Abbott, JM, Luchok, KJ, Corwin, SJ, Coker, AL and Prabhu Das, I. Competing life priorities for low-income women who have abnormal Pap test results Accepted for presentation at the 132nd Public Health Association (APHA) Meeting, Washington, DC November 2004, online at line at www.apha.org.

Coker, AL. Luchok, KJ, Prabhu Das, I, Abbott, JM and Otterness, C. Understanding lack of Pap follow-up: Qualitative approach. Presented at the 131st APHA Meeting, San Francisco, CA November 2003 in contributed session by the research team entitled Follow-Up of Abnormal Pap Tests.

Prabhu Das, I, Coker, AL. Luchok, KJ, Abbott, JM and Otterness, C & Bajaj, J. Lack of adherence to follow-up for abnormal Pap results: What do we know? Where do we need to go? Presented at the 131st APHA Meeting, San Francisco, CA November 2003 in contributed session by the research team entitled Follow-Up of Abnormal Pap Tests.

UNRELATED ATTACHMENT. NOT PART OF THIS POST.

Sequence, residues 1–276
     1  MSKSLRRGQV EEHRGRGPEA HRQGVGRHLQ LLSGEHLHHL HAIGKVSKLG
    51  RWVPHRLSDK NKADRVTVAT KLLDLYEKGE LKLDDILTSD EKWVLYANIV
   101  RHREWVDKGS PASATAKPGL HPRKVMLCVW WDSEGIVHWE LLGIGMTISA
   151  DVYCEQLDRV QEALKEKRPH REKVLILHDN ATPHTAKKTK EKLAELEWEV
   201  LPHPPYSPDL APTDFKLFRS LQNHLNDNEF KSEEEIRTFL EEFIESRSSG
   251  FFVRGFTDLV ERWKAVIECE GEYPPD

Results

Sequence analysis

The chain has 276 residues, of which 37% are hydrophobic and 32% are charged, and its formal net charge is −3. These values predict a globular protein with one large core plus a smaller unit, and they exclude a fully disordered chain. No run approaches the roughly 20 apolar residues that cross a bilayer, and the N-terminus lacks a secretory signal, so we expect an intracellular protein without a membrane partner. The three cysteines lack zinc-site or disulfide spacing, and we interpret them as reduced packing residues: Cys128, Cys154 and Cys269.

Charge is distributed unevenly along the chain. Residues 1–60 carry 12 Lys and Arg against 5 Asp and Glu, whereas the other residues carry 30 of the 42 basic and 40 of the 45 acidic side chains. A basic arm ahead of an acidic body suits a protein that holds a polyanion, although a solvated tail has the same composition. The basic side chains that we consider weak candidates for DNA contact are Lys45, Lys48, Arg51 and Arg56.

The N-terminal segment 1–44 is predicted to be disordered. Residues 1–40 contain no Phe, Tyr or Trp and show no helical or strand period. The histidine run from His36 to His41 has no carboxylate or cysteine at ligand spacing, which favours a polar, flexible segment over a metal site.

Brandt, HM, Luchok, KJ, Coker, AL, Abbott, JM, Prabhu Das, Clinician communication of abnormal Pap test result to women patients. I. Presented at the 131st APHA Meeting, San Francisco, CA November 2003 in contributed session by the research team entitled Follow-Up of Abnormal Pap Tests.

Luchok, KJ, Brandt, HM, Coker, AL, Abbott, JM, Prabhu Das, I. Clinician perspectives on barriers to timely follow-up of abnormal Pap test results: Presented at the 131st APHA Meeting, San Francisco, CA November 2003 in contributed session by the research team entitled Follow-Up of Abnormal Pap Tests.

Luchok, KJ, Coker, AL, Prabhu Das, I. Understanding lack of Pap follow-up: Women's client perspectives. Abbott, JM, Presented at the 131st APHA Meeting, San Francisco, CA November 2003 in contributed session by the research team entitled Follow-Up of Abnormal Pap Tests.